Falls Church, VA (PRWEB)
September 22, 2017
Drug Quality Risk Management:
Beyond FMEA — Developing a Comprehensive Risk Toolkit
**Presented by FDAnews and Valsource Learning Solutions **
Oct. 26-27, 2017 – Arlington, VA
Early bird pricing for Drug Quality Risk Management ends on Friday, Sept. 29.
The types and severity of risk drug manufacturers must manage continues to increase. First, there is the struggle to consistently apply quality risk management principles to drug development, manufacturing, distribution, and inspection and submissions review processes.
Plus, an effective risk management program requires multiple levels of management buy in, innovative managers that are trained appropriately, a comprehensive strategic plan, and consistent execution. That’s a lot to manage so it’s no surprise drug manufacturers, like everyone else managing risk, continue to struggle.
Many drug manufacturers rely on FMEA, sometimes called the “Swiss Army knife” of risk management, as a useful tool to manage risk, but experts say that’s not enough. The complexity of most situations requires a set of tools to manage risk.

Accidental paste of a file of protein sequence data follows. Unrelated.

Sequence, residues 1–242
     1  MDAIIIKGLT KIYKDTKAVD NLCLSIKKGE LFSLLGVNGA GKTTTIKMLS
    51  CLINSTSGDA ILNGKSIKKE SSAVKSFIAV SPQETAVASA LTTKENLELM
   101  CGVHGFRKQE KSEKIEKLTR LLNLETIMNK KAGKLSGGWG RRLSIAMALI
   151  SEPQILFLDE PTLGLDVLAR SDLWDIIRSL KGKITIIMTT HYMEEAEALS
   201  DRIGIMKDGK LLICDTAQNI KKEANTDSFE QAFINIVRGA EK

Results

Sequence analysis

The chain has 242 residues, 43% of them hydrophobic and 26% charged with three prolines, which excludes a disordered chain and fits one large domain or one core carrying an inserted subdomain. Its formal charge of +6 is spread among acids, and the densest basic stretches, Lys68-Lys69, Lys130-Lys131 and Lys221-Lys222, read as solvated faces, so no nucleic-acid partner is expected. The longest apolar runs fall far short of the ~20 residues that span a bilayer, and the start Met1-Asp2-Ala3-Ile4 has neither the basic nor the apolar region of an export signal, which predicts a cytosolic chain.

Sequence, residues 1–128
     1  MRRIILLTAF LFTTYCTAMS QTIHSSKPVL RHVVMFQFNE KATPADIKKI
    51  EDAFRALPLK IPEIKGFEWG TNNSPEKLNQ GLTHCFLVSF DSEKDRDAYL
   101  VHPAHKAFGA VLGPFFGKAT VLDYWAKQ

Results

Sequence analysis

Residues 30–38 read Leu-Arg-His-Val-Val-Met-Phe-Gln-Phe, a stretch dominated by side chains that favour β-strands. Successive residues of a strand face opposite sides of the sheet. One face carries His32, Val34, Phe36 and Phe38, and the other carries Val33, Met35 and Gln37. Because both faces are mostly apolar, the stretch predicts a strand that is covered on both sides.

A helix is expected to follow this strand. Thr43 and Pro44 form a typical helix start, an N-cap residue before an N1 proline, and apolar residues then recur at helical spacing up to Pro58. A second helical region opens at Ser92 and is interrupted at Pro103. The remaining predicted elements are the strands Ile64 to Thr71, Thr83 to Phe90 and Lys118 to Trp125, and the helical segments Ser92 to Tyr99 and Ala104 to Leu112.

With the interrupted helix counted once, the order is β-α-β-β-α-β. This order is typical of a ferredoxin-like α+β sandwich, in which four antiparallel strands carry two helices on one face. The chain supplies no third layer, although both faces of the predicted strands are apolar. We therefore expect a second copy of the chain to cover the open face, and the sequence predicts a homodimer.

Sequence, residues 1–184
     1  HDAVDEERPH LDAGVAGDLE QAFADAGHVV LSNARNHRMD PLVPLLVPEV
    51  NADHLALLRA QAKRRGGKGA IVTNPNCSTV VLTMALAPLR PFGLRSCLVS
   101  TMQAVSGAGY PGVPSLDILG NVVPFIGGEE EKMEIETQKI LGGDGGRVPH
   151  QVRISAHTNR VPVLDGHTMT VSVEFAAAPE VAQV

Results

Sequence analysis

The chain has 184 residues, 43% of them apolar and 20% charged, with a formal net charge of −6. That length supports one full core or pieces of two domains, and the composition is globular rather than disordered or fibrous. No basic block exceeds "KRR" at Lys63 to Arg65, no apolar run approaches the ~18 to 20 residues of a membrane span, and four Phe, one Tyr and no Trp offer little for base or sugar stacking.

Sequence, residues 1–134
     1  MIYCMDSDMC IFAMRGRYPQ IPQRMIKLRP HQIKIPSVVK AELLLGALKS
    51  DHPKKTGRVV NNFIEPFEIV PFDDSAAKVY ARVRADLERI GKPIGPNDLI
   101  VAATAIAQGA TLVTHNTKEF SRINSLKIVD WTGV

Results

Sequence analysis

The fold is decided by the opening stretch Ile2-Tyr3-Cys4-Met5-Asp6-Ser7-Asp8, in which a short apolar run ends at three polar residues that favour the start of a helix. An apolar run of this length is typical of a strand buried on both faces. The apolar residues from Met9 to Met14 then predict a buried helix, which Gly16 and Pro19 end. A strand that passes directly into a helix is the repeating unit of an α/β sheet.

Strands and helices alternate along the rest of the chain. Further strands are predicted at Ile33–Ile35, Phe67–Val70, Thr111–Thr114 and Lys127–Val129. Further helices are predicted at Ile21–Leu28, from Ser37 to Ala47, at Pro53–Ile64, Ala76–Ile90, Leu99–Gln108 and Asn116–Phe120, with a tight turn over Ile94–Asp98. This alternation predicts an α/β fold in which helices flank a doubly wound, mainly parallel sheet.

FDAnews and world class risk management expert Jim Vesper are proud to present Drug Quality Risk Management: Beyond FMEA – Developing a Comprehensive Risk Toolkit.
At this two-day workshop attendees will learn how to create a drug quality risk management strategy, and how to build a roadmap to get their companies to apply risk management principles.
But this isn’t some theoretical discussion, highlighted with dull PowerPoint slides.
A series of interactive exercises and case studies to walk attendees through real-world examples, and give them the tools needed to apply principles right away.
Exercises and case studies include:
- Two-minute talk — Exchange ideas with colleagues about how they define risk.
- Ranking risk —Attendees will be given a list of risks and asked to rank them in order of probably causes of death. This will gauge the perception of risk versus peers.
- Real world hazard identification — Work with a smaller group to consider product characteristics and the potential sources of harm, then relate them…